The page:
The plasma concentration–time profiles of RPC after subcutaneous injection of the RPC microspheres and injection in rats are shown in Figure 4. In general, the maximum plasma concentration of RPC microspheres was 569±126 ng/mL, and it was reached 12 hours after subcutaneous injection. From this time, the plasma drug concentration gradually decreased and the drug was not detected after 96 hours. When the drug was administered in solution at the same dose by subcutaneous injection, the maximum drug concentration was obtained at 2 hours, and the drug was detected in the plasma only for 24 hours. The pharmacokinetic parameters of RPC in the formulations are shown in Table 2. As shown in Table 2, the half-life of RPC injection (1.79 hours) was shorter than that of RPC microspheres (15.62 hours), suggesting that the injection was taken up by other tissues more rapidly than the microsphere formulation. A greater AUC0–t was obtained with the microspheres (4.27-fold), than from the injection, which indicated that there was a significantly improved systemic exposure to RPC due to the sustained release of microspheres. The clearance of RPC microspheres was 1.21 L/h, smaller than that (8.26 L/h) of the RPC injection.
Figure 4 Mean plasma concentration–time profiles for free RPC (◊, jade) and RPC-loaded chitosan microspheres (Δ, purple) administered to rats.
This experiment used the mice hot pedal stimulation model to evaluate the pharmacodynamics of the RPC microspheres. After testing and eliminating unsuitable animals, the mice in the blank group had average response latency of ~12 seconds (Figure 5). In the experimental group, the latent period was significantly increased after injection of RPC, extending from 12 seconds to 30 seconds (1 hour), but the effect time could not be maintained for a long time. Around 2 hours after administration, the latent period after stimulation gradually reverted to the initial level. Eight hours after administration, the basic drug effect was fully released. The latent period for mice in the control group was the same (12 seconds). On the contrary, in the RPC microspheres group, all the three dosages showed the obvious effect of extending the latent period to various degrees, apart from showing dose dependency. In the high-dosage group, the latent period was extended beyond 2 hours of administration and was maintained at a relatively high level (35 seconds), with an obvious drug effect until 72 hours. In the low-dosage group, although the dosage was half that of the injection group, considering the pharmacodynamics result, overall the two groups had equivalent treatment effect with no significant difference. As is well known, RPC is a local anesthesia drug that is clinically applied for the treatment of acute and chronic pain. Compared to other caine drugs, RPC had appropriate effect time and relatively long action period. Its main features included separated movement of dosage relationship and block anesthesia, low toxicity in nervus centralis and angiocarpy, and other merits. However, its longest sensation of pain block effect time was <12 hours. For chronic pain patients, it still required multiple dosing or continuous dosing with long-period placement of catheter in vivo. It caused poor compliance in patients clinically and high cost. The pharmacodynamics result showed that preparing RPC as a microsphere preparation could not only extend the drug effect time but also decrease the administration dosage.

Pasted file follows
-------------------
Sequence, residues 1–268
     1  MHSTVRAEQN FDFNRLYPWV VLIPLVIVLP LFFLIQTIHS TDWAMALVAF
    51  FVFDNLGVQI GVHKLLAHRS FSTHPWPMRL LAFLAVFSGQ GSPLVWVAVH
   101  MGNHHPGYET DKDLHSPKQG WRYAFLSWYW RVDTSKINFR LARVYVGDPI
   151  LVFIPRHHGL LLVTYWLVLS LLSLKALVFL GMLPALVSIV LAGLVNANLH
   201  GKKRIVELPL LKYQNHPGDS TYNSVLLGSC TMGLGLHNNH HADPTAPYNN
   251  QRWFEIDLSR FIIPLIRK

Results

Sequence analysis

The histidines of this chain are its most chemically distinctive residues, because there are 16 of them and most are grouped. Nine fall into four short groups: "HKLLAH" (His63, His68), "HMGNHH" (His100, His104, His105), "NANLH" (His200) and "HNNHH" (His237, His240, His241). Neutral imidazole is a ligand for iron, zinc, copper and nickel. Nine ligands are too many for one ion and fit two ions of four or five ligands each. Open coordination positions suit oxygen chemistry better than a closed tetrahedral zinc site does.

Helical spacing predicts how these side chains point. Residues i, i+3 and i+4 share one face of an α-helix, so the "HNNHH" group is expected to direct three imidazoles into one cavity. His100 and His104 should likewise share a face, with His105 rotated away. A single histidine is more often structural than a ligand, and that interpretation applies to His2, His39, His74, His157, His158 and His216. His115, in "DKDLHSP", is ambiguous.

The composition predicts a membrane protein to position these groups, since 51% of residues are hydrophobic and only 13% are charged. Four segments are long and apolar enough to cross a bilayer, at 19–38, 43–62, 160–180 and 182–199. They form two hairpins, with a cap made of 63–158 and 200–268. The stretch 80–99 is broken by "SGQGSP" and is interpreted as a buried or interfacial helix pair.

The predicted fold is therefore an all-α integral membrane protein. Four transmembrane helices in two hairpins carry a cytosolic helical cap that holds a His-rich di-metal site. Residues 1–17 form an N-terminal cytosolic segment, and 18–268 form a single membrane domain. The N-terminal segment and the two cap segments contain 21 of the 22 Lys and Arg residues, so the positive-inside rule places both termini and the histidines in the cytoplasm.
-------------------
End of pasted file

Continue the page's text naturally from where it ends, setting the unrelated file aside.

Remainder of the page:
Figure 5 Pharmacodynamic evaluation of RPC in different formulations administered to mice.
In this study, RPC chitosan-loaded microspheres for subcutaneous administration were developed. The systems were characterized in terms of surface morphology, particle size, encapsulation efficiency, and in vitro release behavior. Results showed that the microspheres had drug loading of 7.3% and encapsulation efficiency of 91.2%; the average diameter was 2.62±0.76 μm. The morphology study revealed that the microspheres are homogeneous monodisperse microspheres and did not form aggregates in aqueous solution. It was clearly observed that the release profile of RPC microspheres exhibited biphasic patterns: the initial rapid release within the first 2 hours, followed by a slower and sustained release over a long time.
In vivo, a greater AUC0–t was obtained with the microspheres (4.27-fold), than in the injection group, which indicated that there was a significantly improved systemic exposure to RPC. The pharmacodynamics result showed that preparing RPC as a microsphere preparation could not only extend the drug effect time, but also decrease the administration dosage.
The authors report no conflicts of interest in this work.